India - Swiss Ribbons And Its Implications - The Supreme Court On The Constitutionality And Key Provisions Of The Insolvency & Bankruptcy Code.
Legal News & Analysis - Asia Pacific - India - Insolvency & Restructuring
15 March, 2019
2018 proved to be a constitutional litmus test for the Insolvency and Bankruptcy Code, 2016 (the “Code”), with ten writ petitions and one special leave petition assailing the constitutional validity of the Code. Various matters were brought into question and on January 25, 2019, a judgment was pronounced by the Supreme Court (the “SC”) on this batch of petitions in Swiss Ribbons Private Limited & Anr. v. Union of India1.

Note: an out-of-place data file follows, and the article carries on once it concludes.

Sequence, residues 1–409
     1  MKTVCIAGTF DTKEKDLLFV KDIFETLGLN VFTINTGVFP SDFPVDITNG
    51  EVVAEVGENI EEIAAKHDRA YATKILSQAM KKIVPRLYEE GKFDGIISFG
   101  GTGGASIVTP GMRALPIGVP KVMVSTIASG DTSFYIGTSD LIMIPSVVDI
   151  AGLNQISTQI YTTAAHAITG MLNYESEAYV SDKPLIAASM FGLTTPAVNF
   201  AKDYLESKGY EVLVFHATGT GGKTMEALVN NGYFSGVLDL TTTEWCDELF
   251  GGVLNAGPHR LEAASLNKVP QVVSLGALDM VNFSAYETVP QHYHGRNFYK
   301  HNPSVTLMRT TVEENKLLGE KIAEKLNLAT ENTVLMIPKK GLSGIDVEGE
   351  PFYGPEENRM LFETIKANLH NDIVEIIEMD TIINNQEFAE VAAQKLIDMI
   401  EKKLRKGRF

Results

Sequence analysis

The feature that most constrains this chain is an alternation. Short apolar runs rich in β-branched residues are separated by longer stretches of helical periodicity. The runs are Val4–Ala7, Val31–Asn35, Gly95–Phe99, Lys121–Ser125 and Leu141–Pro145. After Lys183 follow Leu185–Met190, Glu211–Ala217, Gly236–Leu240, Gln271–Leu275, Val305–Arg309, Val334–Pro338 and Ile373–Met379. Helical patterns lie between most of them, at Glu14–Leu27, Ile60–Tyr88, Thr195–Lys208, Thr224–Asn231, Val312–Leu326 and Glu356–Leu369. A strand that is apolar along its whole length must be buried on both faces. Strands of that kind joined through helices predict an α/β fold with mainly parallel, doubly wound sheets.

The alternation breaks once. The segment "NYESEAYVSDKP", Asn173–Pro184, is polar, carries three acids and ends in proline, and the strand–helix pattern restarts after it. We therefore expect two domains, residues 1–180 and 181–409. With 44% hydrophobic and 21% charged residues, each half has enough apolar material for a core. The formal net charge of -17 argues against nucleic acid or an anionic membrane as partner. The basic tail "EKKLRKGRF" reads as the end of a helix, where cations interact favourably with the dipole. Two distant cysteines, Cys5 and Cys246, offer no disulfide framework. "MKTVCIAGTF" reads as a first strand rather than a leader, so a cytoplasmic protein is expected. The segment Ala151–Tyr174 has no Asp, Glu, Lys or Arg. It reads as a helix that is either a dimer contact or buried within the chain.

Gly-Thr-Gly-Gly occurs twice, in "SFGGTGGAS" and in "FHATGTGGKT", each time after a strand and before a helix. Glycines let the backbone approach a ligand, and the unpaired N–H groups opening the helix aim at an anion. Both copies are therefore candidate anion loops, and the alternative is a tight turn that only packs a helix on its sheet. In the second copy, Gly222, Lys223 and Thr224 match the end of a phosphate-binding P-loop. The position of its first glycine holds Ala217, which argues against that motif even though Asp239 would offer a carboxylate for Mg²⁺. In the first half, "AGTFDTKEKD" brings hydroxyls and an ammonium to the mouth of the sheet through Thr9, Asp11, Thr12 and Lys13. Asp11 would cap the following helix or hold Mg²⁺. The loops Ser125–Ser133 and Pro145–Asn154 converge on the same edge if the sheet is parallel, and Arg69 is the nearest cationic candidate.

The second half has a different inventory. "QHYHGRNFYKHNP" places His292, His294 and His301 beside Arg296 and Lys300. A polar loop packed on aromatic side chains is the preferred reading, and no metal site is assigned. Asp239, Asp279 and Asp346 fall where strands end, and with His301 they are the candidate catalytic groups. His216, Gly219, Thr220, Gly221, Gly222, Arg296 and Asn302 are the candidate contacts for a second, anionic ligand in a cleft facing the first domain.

The key sub-text in Swiss Ribbons is set out in the Epilogue in the last three pages of the judgment:
“The Insolvency Code is a legislation which deals with economic matters and, in the larger sense, deals with the economy of the country as a whole. Earlier experiments, as we have seen, in terms of legislations having failed, ‘trial‘ having led to repeated errors, ultimately led to the enactment of the Code. The experiment contained in the Code, judged by the generality of its provisions and not by so- called crudities and inequities that have been pointed out by the petitioners, passes constitutional muster.”
This conclusion is a future interpretative tool for all stakeholders and more so, for participants in the corporate insolvency resolution process (the “CIRP”). The SC has tacitly admitted to the game theory element inherent in CIRPs, and the SC will not be readily swayed in allowing traditional common law safe harbour principles of equity, reasonableness and fairness prevailing over purposive economic legislation and policy.